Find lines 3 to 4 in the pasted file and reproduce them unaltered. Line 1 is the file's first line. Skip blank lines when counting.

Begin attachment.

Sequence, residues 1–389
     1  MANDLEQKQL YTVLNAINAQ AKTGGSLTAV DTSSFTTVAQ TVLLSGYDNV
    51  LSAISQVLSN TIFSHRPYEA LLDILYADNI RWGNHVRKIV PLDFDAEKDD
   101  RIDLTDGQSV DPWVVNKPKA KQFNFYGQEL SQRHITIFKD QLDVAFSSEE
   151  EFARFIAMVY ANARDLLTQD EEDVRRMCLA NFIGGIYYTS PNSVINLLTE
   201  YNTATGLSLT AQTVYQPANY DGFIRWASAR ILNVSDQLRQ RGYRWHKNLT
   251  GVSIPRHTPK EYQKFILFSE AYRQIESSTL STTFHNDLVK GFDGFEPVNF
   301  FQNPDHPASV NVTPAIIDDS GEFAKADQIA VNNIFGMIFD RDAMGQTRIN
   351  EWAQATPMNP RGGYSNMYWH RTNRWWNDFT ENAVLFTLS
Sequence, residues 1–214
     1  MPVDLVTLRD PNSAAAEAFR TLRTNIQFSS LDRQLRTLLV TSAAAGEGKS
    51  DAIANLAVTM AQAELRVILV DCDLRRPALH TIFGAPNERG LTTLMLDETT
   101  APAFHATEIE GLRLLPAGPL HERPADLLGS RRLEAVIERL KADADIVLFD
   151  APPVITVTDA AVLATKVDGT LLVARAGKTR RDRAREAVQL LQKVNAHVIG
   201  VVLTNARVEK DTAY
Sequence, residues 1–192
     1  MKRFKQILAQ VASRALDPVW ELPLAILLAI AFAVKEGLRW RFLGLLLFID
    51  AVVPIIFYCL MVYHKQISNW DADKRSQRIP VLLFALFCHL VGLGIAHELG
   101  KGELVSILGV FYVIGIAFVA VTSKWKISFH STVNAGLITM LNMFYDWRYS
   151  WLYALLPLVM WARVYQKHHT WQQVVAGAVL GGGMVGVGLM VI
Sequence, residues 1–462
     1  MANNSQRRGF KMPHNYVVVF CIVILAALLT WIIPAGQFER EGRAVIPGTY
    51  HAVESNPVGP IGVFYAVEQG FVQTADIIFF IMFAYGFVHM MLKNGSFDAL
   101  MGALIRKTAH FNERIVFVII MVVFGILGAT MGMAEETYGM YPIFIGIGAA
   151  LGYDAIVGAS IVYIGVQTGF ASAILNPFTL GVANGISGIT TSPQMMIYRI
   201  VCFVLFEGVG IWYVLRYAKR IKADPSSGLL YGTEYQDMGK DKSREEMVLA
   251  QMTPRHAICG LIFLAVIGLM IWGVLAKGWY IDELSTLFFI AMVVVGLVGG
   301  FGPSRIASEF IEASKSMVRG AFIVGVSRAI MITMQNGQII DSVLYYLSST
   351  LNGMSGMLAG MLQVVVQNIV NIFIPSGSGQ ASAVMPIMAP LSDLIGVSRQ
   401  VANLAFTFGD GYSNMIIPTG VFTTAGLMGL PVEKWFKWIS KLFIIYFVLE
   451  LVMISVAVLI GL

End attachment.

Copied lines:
    51  LSAISQVLSN TIFSHRPYEA LLDILYADNI RWGNHVRKIV PLDFDAEKDD
   101  RIDLTDGQSV DPWVVNKPKA KQFNFYGQEL SQRHITIFKD QLDVAFSSEE